Saturday, June 27, 2015

Carpe Diem Time Machine 10 Indian Summer (Koharu)

Dear Haijin, visitors and travelers,

It's time for another trip along memory lane with our Carpe Diem Time Machine in which we will re-visit prompts we have had earlier in our rich history. Today we go back to December 2012. Back than Carpe Diem Haiku Kai started it's third month, a month with classical Japanese kigo, and Indian Summer or Koharu is such a classical kigo. I will reproduce a part of that episode here:

An Indian summer is a heat wave that occurs in the autumn. It refers to a period of considerably above-normal temperatures, accompanied by dry and hazy conditions, usually after there has been a killing frost. Depending on latitude and elevation, it can occur in the Northern Hemisphere between late September and mid November.
The expression 'Indian summer' has been used for more than two centuries. The earliest known use was by French-American writer John Hector St. John de Crevecoeur in rural New York in 1778: "Then a severe frost succeeds which prepares it to receive the voluminous coat of snow which is soon to follow; though it is often preceded by a short interval of smoke and mildness, called the Indian Summer."In British English St. Martin's Summer was the most widely used term until the American phrase became better known in the 20th century. In the United Kingdom, the term Indian summer is used loosely for a period of unseasonable warmth and sunshine in late September, October, or November. In former times in English-speaking regions of Europe, 'Indian summer' was called Saint Martin's Summer, referring to St. Martin's day, November 11. An alternative was Saint Luke's summer. Another alternative was "All-hallows summer", as All Hallows' is November 1. In the United Kingdom Indian summer is often used to describe warm weather that comes late in the year after unusually cool summer months.In the Netherlands it is sometimes called "oudewijvenzomer" or "sint-michielszomer" ("St. Michael's Summer"), although the term "nazomer" ("late summer") is used more often.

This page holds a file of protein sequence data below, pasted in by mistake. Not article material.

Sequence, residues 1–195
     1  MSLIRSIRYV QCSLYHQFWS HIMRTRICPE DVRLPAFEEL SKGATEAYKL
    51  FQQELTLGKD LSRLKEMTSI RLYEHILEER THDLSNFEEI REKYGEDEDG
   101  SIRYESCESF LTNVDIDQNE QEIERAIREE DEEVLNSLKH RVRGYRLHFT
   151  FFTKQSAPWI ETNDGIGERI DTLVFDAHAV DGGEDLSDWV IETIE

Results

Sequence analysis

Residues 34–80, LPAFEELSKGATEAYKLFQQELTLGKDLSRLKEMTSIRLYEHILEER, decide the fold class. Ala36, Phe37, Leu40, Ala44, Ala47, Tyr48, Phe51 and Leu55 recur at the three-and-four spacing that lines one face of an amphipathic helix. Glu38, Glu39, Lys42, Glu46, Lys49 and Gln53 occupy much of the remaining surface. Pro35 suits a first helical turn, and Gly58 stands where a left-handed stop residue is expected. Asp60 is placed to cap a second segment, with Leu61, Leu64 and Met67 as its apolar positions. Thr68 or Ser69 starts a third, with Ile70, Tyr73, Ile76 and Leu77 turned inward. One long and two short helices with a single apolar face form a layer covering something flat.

after a warm day
a thin layer of fresh fallen snow
covers the garden

(c) Chèvrefeuille
Indian Summer
Well this was our little trip along memory lane and I hope that it will inspire you to write/compose all new haiku and share them here.

I love to share a few haiku which were written in response on this prompt Indian Summer back in 2012:

the lazy bones yearn,
late summers refuse to move
winter knocks on door

(C) Nimue

on a wintry day,
summer blooms in my heart-
the radiance of hope

(C) Loredana

Warm fingers
Plunged in icy pool
Hummers rove

(C) Becca

Indian summer—
brief respite from the burden
of firewatch at night.

(C) Mark M. Redfearn

Logo Carpe Diem Haiku Kai December 2012

Wind from Lake Michigan
Hitting trees in November
Foliage still bright red

Steady wind, no rain
Bright colors of the Indian summer
Soft sound of falling leaves

(C) Rheumatologe Lothar

 As you can see Mark M. Redfearn was already participating than, so he is one of our very first CDHK family members.

This episode of CD Time Machine is open for your submissions today at noon (CET) and will remain open until June 30th at noon (CET). Have fun!

1 comment:

  1. Such a lot in your interesting post that I wasn't aware of. All I knew was that the 'Indian' refers to Red Indian and not to Asian Indian, and that one has to have experienced a really chilly/frosty Autumn time before a warm spell can be considered an Indian Summer.